The music-hall singer who was reburied at the Pantheon spent time in Algeria between the 1930s and 1950s as an artist. But Baker was also a spy ... for French intelligence during the Second World War. She later adopted two orphans of Algerian origin: a Kabyle boy and a 'pied-noirs' girl.
Vital Kamerhe, 61, is the main defendant alongside two co-accused in an unprecedented trial for the alleged embezzlement and laundering of more than $50m in public funds.
The ruling is scheduled to be handed down on 20 June, the presiding judge of the district court indicated at the close of the fifth hearing, which was aired live and closely followed by the Congolese people.
The trial is being held on the grounds of Kinshasa Central Prison, where Kamerhe has been in pre-trial custody since 8 April. Like his two fellow co-accused, he maintains his innocence, denouncing a “political trial” and the court’s show of “brutality and relentlessness” against him. The prosecutor has sought 20 years of “hard labour” for Kamerhe, as well as 10 years of disqualification from voting and holding public office.
The same 20-year sentence is being sought for the first of Kamerhe’s two co-defendants, the Lebanese businessman Jammal Samih, 78.
The prosecutor’s office also requested that the bank account assets of Kamerhe’s wife, step-daughter and a cousin of the accused be seized, as well as “the seizure of real estate assets acquired using embezzled funds over the period from January 2019 until now”.
During the plaintiff’s oral arguments, a lawyer representing the Democratic Republic of Congo (DRC) claimed that the couple, who wed in February 2019, purchased and renovated a mansion in France at a cost of over €1m.
‘True justice will come from God’
“It’s really as though you want to destroy my entire family,” Kamerhe said, defending himself regarding a house “45 minutes away from Paris”. “True justice will come from God, when human judges are sidelined by true justice,” he added, asserting that he warned his wife before the hearing that “the die is cast” concerning his legal fate.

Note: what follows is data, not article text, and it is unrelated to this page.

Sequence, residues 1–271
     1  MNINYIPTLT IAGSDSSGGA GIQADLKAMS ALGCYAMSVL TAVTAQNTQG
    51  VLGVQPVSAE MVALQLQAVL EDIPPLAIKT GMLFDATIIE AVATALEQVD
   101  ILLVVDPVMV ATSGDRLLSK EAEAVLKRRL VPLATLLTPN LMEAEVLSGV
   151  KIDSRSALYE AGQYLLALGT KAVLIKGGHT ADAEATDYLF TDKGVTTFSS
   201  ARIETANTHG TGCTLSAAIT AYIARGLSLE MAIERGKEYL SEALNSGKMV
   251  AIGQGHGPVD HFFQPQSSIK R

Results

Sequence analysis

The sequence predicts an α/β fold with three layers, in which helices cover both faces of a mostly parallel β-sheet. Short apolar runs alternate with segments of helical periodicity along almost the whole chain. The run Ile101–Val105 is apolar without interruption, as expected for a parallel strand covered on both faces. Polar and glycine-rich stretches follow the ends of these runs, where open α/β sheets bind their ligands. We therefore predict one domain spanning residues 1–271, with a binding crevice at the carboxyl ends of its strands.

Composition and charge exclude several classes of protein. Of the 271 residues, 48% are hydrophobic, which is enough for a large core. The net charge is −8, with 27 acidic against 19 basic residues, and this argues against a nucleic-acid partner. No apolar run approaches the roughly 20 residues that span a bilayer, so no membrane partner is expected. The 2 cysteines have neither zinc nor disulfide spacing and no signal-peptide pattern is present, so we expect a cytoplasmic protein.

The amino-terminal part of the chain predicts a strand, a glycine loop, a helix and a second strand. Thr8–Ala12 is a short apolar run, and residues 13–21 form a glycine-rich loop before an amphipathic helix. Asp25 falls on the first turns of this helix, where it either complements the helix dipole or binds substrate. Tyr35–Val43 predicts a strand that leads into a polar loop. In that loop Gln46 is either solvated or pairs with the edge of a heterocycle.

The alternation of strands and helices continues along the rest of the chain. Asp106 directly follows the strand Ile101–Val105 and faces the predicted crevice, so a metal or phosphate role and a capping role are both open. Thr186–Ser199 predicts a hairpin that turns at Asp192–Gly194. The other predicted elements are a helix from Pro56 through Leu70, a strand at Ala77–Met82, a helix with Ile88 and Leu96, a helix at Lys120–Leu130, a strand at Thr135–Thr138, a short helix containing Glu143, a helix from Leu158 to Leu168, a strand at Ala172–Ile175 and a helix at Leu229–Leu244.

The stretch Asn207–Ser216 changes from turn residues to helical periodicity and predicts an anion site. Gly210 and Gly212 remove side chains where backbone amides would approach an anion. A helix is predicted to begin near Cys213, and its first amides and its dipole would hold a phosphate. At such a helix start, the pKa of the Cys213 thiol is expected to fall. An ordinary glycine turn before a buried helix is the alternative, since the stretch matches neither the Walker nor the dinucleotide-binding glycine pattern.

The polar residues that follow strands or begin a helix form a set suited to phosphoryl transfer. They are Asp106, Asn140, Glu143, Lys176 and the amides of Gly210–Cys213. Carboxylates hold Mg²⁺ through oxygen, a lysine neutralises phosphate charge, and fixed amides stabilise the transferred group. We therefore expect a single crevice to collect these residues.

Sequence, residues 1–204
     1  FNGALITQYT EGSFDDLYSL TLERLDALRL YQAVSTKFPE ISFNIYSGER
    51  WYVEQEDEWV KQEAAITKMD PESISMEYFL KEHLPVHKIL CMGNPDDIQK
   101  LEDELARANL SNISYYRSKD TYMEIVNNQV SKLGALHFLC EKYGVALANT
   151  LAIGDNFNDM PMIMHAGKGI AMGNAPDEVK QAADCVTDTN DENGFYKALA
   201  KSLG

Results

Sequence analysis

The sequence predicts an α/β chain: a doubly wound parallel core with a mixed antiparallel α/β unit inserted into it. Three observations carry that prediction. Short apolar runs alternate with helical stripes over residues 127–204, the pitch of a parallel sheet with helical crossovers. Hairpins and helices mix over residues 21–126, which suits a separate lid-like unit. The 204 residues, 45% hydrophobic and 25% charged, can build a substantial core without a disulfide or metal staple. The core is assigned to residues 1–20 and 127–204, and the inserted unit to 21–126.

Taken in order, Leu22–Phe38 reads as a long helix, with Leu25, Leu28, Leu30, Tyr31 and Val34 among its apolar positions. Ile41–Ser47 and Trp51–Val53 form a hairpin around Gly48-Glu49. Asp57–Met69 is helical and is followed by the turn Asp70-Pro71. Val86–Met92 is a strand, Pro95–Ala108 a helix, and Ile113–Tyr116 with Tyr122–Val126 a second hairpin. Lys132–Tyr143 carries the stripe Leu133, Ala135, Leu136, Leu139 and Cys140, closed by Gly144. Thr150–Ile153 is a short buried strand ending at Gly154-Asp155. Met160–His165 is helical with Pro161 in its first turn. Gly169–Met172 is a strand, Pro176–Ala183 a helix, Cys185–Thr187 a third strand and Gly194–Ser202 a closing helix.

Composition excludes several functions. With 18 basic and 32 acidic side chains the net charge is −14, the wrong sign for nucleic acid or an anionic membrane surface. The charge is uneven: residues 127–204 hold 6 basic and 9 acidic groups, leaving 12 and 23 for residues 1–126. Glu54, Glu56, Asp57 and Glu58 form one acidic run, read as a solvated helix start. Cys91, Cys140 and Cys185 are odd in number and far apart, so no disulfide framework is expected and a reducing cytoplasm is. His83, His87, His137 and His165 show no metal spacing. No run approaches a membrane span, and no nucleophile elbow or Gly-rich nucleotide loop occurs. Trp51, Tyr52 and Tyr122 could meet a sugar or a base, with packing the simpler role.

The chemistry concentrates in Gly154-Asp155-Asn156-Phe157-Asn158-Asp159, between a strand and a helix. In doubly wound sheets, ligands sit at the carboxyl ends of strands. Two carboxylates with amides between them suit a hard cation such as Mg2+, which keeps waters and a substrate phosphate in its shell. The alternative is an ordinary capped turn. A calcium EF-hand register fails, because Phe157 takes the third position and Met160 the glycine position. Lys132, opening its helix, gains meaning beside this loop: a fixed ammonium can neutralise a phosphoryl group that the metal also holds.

Originally from South Kivu province (eastern DRC), Kamerhe has been a central political figure in the country since the 2000s.
After announcing his presidential bid on 30 December 2018, he pulled out of the race one month before the vote, clearing the way for Tshisekedi. At the time, the two men made a pact under which Kamerhe would become prime minister and eventually the presidential candidate in the upcoming 2023 election.
Once in office, Tshisekedi instead appointed Kamerhe as chief of staff because he had to reserve the prime minister post to a close ally of his predecessor, Joseph Kabila, in accordance with another political pact.
The public funds Kamerhe allegedly embezzled were earmarked for certain urgent public works as part of the 100-day programme launched by the head of state in early March 2019.
The works in question involved the construction of social housing, in the form of 1,500 prefabricated homes imported from Turkey, for military personnel. A deal was struck with Samih, who has also requested an acquittal: “I’m innocent,” he said in court.
Kamerhe and Samih are being tried alongside a third defendant, Jeannot Muhima, who is responsible for the president’s import-export department as well as the customs clearance of imported goods.
Raphaël Yanyi’s unexpected death
Kamerhe’s Paris-based lawyers confirmed that they have contacted the “United Nations’ Working Group on Arbitrary Detention” to “request that they take urgent action to ensure that Kamerhe’s fundamental rights are upheld”.
“There is no evidence of any illicit financial flows,” Jean-Marie Kabengela and Pierre-Olivier Sur wrote in a statement. The two lawyers also touched on the unexpected death of Judge Raphaël Yanyi during the night of 26 to 27 May, hardly two days after he presided over the second hearing of the trial.
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Pending the results of an autopsy, “several sources” assert that the judge was “poisoned and accuse Vital Kamerhe as the perpetrator of the act”. “The Congolese prison authorities are unable to ensure Kamerhe’s safety in this tense environment,” the lawyers wrote.
Kamerhe has not formally resigned from his chief of staff position, but an acting chief of staff – Kamerhe’s deputy – was appointed. He is the leader of the Union pour la Nation Congolaise (UNC), a party whose members include several ministers serving in Tshisekedi’s coalition government. None of them have resigned to date.
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